Me neither. :) Believe it or not, though, there's a bright side to spam -- at least for those of us in the market for a baby name.
Spammers try to make it look like their messages come from actual individuals. Therefore, most spam appears to be sent by people with legitimate first and last names (even though these people are totally fictitious).
So if you're stumped for a baby name, why not use your bulk folder as a way to brainstorm? Skimming through your spam can be especially helpful for two reasons:
- You get a brand new batch of spam names every day (whether you want them or not!), free of charge. In other words, you don't have to go out and search for these names -- they come right to you.
- The names aren't grouped or ordered by first letter, origin, length, meaning or popularity. Each name in the series is a surprise, so you're more likely to pay attention as you scan the list.
For example, as I write this, I have over 60 spam messages in my Gmail spam folder. Here are nearly all of the first names from these emails:
Female Names - Meghan, Araceli, Lula, Jess, Elizabeth, Lonnie, Anita, Betty, Leta, Reina, Barbara, Ophelia, Teresa, Addie, Tessa, Dorothy, Kimberly, Nadia, Carol, Jinah, Jeanne, April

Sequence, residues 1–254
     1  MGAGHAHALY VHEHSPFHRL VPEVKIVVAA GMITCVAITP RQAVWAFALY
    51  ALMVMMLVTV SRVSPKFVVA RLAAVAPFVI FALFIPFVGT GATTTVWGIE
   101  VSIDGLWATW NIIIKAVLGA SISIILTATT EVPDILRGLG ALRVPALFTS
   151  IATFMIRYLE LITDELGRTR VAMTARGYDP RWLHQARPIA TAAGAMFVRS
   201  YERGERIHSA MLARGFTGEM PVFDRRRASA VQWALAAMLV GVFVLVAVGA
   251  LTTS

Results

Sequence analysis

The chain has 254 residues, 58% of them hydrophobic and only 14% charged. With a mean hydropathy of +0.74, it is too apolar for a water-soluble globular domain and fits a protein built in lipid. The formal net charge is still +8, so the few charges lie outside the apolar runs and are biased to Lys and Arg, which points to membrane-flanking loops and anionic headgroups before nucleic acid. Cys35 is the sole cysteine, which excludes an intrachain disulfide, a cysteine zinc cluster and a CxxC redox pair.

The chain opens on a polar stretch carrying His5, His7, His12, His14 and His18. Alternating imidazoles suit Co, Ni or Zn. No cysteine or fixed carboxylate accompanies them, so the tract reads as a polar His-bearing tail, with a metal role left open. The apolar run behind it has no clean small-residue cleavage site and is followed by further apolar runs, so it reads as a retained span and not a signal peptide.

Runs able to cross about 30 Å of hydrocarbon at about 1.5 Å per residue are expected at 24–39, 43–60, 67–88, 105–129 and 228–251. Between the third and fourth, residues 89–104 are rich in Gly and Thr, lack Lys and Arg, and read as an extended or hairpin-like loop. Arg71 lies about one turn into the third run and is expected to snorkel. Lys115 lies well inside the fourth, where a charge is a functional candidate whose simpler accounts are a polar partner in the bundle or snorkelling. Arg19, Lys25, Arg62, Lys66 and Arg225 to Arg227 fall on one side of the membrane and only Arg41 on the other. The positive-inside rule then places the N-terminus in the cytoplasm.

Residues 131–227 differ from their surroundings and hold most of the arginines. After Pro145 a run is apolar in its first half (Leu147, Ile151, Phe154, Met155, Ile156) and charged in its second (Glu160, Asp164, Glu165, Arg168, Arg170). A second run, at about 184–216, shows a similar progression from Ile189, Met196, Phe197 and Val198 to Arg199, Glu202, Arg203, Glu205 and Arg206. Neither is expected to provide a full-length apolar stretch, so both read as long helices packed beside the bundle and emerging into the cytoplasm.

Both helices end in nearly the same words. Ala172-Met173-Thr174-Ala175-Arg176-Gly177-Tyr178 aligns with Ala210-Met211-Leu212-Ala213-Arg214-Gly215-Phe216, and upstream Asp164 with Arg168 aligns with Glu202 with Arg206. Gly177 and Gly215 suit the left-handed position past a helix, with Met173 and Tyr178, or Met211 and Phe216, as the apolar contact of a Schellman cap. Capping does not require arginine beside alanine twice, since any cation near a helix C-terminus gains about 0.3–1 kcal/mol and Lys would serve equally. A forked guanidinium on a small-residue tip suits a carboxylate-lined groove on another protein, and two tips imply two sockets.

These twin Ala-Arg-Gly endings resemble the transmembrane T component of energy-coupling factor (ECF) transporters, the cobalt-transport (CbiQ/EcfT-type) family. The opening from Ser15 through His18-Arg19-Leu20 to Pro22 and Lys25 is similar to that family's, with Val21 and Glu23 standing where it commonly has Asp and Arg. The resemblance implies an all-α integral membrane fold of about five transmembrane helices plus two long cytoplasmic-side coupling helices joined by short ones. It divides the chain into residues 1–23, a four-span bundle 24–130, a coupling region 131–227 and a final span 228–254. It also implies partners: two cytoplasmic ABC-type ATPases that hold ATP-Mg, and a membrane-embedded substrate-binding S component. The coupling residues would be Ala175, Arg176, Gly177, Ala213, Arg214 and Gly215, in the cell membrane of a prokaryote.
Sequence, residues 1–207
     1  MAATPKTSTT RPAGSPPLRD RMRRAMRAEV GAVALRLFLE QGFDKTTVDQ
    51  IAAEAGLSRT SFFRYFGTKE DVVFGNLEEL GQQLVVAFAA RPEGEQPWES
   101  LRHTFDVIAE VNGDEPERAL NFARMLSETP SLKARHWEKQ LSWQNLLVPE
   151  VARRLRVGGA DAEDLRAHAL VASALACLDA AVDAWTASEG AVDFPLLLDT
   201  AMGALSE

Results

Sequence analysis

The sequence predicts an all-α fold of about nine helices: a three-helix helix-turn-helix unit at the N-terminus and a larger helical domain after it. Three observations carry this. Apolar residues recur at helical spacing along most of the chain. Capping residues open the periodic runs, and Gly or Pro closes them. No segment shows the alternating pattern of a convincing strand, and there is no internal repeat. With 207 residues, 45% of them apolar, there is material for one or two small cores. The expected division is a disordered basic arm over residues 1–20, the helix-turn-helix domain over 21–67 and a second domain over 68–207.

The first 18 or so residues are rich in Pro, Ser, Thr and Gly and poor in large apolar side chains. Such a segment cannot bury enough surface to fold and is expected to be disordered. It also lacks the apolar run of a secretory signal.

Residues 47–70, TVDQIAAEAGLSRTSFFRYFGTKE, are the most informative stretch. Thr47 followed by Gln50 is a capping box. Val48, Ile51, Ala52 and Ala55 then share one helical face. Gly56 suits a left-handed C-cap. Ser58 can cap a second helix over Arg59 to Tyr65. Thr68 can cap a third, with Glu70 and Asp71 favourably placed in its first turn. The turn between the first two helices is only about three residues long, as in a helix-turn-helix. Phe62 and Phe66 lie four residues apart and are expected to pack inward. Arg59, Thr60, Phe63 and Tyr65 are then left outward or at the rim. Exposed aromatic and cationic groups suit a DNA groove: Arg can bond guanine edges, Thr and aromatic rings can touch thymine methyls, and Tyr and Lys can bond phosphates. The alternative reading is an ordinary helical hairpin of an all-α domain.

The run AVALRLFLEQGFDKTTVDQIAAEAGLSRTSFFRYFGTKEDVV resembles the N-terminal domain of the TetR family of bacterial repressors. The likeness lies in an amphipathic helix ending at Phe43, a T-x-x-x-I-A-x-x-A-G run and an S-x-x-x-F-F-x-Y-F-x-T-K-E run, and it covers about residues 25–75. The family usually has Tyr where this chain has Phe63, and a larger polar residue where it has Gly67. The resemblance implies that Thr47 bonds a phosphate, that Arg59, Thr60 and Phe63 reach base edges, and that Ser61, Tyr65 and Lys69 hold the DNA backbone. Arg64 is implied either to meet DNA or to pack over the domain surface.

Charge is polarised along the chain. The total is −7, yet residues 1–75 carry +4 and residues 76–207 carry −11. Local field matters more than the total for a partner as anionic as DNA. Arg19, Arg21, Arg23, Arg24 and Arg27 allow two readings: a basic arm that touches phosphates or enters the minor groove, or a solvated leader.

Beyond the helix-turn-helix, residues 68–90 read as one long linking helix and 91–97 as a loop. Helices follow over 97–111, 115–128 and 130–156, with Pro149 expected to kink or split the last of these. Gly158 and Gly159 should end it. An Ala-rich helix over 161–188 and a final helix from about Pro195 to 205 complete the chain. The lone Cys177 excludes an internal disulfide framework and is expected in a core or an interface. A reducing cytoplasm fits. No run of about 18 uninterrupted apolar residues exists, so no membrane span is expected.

Male Names - Karl, Rico, Brandon, Billy, Kris, Kasmir, Charles, Manjinder, Darrel, Frederico, Hezi, Jeremi, Osmar, Albert, Michael, Roosevelt, Randolph, Dusty, Richard, Mark, Kermit, Jeffrey, William, Leroy, Mauricio, Reid, Mitch, Marc, Parker, Anthony, Jermaine, Kurtis
Not a bad selection, eh? And these are just what accumulated over a single day in a single email account. Just imagine how many thousands of names are collected weekly by several email accounts (which is what many of us have).
If you decide to try this method, the only thing I would caution you against is opening any of your spam mail. Some spam (when opened) can infect your machine with computer-crashing viruses, so it's best to just make note of the interesting names you see, then delete your spam en masse as usual.